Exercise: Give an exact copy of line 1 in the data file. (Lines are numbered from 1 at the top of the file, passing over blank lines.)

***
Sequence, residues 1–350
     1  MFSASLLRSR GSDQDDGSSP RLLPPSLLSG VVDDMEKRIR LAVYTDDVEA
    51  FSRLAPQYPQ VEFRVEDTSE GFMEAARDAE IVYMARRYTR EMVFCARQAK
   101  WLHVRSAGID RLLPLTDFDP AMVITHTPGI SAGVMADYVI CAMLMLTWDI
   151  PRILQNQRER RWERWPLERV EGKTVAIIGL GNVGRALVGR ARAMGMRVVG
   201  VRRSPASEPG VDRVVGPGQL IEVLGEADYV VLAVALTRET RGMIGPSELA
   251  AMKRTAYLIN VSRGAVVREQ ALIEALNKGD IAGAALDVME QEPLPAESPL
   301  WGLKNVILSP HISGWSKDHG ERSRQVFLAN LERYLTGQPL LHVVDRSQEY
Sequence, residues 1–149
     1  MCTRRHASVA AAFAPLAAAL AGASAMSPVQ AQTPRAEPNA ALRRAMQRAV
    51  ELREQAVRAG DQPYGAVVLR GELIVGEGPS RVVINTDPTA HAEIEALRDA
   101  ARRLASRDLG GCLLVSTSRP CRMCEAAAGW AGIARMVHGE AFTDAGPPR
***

Sequence, residues 1–350